Q&A with Bob Polomski 8

Extension Consumer Horticulturist, Clemson University

The orange blooms of my Clivia miniata have such short stems that they are almost lost in the foliage. What can I do to lengthen them?—D.G., Longwood, FL

Answer: Some Clivia clones produce longer flower stalks than others. But in general, the failure of the flower stalk, or peduncle, to elongate is the result of the plant’s experiencing high temperatures during its rest period.

To initiate flower bud development, the plants should be exposed to a winter rest period at a temperature between 45° and 50°F. The soil should be kept nearly dry, yet never allowed to dry out completely. After six to eight weeks of this treatment, or once flower stalks appear, begin increasing the amount and frequency of watering. Move the plant to a warmer location, around 65°F during the day and between 50° and 55°F at night. Clivias require bright, indirect light, such as that from an east-facing window. To determine if light levels are adequate, put your hand about a foot above your clivia. If your hand creates a distinct shadow, the light is too bright and the plant needs to be moved to a lower-light location.

When the buds appear, fertilize with a complete liquid fertilizer on a monthly basis until the plant’s winter rest. Remove the flower stalk soon after the flowers fade to prevent seed formation; this will encourage it to bloom next year.

For more information about the history and cultivation of clivias, see Clivias, by Harold Koopowitz (Timber Press, 2002).

I have inherited the care of several boxwoods that have been allowed to grow to a height of 40 inches. I would like to reduce their height to two feet, but if I cut off more than six inches I will reach bare wood. Any suggestions? —G.S., Travelers Rest, SC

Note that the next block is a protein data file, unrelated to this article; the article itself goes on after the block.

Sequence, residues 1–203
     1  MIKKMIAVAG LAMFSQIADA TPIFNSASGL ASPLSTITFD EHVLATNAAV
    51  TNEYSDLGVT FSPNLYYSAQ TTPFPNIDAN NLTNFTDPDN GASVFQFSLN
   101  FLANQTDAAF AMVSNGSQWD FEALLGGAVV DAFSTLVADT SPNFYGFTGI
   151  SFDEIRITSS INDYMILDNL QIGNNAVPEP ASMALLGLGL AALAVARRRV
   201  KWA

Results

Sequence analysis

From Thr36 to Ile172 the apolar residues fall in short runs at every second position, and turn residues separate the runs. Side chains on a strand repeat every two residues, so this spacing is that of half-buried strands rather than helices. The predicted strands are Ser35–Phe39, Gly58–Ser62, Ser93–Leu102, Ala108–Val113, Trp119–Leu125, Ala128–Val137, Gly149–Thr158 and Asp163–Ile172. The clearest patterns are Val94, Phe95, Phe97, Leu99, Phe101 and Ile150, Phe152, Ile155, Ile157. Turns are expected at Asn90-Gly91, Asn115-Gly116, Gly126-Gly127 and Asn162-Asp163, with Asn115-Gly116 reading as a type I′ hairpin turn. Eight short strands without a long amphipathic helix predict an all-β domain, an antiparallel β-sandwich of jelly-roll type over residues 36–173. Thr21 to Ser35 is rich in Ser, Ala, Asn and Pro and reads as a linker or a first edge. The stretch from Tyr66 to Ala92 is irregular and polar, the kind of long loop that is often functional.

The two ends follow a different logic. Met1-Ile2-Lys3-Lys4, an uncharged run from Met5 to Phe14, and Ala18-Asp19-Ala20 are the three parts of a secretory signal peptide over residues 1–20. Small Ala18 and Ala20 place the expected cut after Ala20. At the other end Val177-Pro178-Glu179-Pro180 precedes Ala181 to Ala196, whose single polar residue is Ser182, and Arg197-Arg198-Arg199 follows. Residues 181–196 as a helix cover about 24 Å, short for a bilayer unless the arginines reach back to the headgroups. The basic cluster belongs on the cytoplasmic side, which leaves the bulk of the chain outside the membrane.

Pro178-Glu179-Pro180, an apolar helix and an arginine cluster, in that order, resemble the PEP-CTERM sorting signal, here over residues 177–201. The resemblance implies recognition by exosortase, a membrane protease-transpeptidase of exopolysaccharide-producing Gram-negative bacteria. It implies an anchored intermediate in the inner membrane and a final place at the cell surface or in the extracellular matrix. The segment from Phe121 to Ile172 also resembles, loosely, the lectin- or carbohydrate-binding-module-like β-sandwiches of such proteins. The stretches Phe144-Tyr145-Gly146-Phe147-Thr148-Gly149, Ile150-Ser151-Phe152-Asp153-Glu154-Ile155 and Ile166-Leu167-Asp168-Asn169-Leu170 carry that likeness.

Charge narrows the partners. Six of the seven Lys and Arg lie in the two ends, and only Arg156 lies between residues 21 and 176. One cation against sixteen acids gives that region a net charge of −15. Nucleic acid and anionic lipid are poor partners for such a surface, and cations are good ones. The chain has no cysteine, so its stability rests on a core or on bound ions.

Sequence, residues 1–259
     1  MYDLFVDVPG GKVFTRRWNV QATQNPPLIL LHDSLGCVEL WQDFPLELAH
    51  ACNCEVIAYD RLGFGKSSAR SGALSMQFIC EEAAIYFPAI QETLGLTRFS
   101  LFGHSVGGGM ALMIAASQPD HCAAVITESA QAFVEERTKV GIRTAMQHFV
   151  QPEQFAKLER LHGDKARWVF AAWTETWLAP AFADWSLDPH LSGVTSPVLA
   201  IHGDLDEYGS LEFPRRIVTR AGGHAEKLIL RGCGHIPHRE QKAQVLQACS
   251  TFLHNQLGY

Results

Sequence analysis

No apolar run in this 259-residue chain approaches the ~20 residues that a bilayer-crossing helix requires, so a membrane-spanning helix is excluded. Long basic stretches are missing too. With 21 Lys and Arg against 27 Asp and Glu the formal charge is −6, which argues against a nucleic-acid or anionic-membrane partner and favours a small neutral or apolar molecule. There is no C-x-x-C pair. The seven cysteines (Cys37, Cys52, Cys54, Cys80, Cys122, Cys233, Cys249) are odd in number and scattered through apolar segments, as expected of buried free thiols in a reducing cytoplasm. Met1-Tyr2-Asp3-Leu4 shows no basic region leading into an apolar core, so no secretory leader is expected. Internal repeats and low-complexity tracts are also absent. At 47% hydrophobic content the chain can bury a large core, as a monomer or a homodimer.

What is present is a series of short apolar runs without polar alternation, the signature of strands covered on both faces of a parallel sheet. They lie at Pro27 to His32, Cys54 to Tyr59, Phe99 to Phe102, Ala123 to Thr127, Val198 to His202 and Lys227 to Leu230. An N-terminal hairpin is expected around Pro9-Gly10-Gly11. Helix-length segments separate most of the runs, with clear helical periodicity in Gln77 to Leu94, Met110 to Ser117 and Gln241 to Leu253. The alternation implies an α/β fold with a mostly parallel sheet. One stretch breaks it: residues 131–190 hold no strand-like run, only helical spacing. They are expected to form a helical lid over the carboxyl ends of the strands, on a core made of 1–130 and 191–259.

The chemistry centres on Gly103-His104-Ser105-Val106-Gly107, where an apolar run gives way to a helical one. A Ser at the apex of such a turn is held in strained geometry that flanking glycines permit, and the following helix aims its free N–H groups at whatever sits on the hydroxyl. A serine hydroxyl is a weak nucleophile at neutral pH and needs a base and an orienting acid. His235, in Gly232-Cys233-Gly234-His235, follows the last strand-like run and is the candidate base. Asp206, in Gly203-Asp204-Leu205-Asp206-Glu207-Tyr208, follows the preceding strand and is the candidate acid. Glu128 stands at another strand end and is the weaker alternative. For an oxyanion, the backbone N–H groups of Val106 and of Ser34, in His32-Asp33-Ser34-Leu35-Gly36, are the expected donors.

Answer: With boxwoods, such drastic corrective pruning is possible, but it must be done over a period of years. Because boxwoods grow slowly, they recover slowly. Some may even die when severely pruned, so you will have to be careful.

The time to begin is just before new spring growth emerges. Prune one-third of the tallest branches to the desired height. Make your cuts to outer branches or buds. It is OK to cut back to bare wood. Boxwood, like most broadleaf evergreens, will produce growth from latent buds.

In the second spring, cut back half the remaining tall branches, and finish the job in the third spring. You may also decide to remove some of the oldest branches at the base to reduce the plant’s width. Also, thin out some of the interior branches to admit sunlight and air, which will reduce the likelihood of fungal diseases.

Which is the best season to transplant deciduous trees, spring or fall?—M.H., Plainfield, IL

Answer: Trees have survived transplanting in every season. The question, though, is which time of year is best. Digging up any tree results in the loss of a great deal of the root system. Whether the tree is balled-and-burlapped or moved bareroot, only a small fraction of the original root system makes the move. The ideal time to move a tree, therefore, should allow the tree an opportunity to begin root regeneration as soon as possible. The best time, then, depends on where you live and with which species you are dealing.

In the northern United States, transplanting has traditionally been delayed until spring, in the conviction that this allows the tree as much time as possible to regenerate roots before the ground freezes solid. In addition, certain species, such as oaks, will not initiate root growth until buds swell in the spring. Northern red oak, in fact, begins root growth only after spring bud break. The new leaves and shoots create an additional demand for water, making transplanting the trees even more difficult. Some trees, such as elms, hollies, and magnolias, on the other hand, have flushes of root growth in midsummer, and have been successfully balled-and-burlapped even in full leaf. In such cases, survival depends on the availability of water.

Despite the traditional preference for spring planting, recent research has demonstrated that many trees may be better transplanted in the fall. In one study, October-transplanted sugar maples did better than November- or March-transplanted trees. The sugar maples produced roots sporadically throughout the winter months. Even in the case of red oaks, the results were similar. The red oaks did not begin root growth until after bud break in the spring, but the days between bud break and root growth were fewer for the October-planted than the March-planted specimens.